It wasn’t about getting rich, but rather to earn enough “to be in control of my life,” says Palmer, senior money editor for U.S. News & World Report.

Want a piece of that yourself? Enter to win the book.


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th7 How NOT to cure boredom.Today’s press release from Ebates bothered me a good deal. The cash-back shopping site recently surveyed 1,000 people and learned, among other things, that 49 percent use mobile devices to shop while waiting in line.

Apparently it “cures boredom.”

All the Internet at your fingertips – the chance to download millions of e-books for free, listen to amazing music, view more cat pictures than anyone really needs – and you decide to kill time by shopping?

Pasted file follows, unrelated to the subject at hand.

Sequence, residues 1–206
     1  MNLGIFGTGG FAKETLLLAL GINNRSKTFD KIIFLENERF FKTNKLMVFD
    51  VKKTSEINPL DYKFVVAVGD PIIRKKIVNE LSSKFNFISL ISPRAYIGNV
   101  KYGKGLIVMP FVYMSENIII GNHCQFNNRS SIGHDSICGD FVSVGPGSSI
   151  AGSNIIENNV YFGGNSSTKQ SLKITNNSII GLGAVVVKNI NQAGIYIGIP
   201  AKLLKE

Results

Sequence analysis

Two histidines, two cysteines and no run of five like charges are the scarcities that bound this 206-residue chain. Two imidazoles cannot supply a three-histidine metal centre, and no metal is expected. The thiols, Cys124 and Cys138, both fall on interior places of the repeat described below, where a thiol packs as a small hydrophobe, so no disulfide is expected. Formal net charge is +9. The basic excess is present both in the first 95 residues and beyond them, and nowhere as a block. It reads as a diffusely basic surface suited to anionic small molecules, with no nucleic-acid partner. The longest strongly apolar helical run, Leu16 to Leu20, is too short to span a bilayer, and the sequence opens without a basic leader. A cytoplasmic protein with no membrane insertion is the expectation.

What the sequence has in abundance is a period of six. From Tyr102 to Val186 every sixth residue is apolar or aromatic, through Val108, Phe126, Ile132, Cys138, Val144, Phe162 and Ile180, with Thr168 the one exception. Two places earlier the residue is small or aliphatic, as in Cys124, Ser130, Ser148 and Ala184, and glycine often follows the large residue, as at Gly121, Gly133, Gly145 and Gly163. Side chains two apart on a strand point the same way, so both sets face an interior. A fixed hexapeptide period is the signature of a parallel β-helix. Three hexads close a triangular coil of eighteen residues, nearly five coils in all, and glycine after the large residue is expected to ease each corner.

Couple of things, here:

  • How long are the lines in which you’re waiting?
  • How’s your budget holding up under this anti-boredom tactic?

I understand that even five minutes in line can feel endless. It isn’t, since you do eventually get to go home. Even if it turned into half an hour of waiting, is there no other way to occupy your mind? (See “cat pictures” et al., above.)

Possibly some of these folks aren’t actually buying, just shopping – the equivalent of window-shopping in place. After all, some people can walk through a store and look at lots but leave empty-handed.

But the Internet is superb at creating need where none exists. Oh, that funny T-shirt would be perfect for your brother. A skin-care shop is having a sale on products in your favorite scent. What an interesting herbal tea sampler, and your tisane-loving BFF could use a little pick-me-up….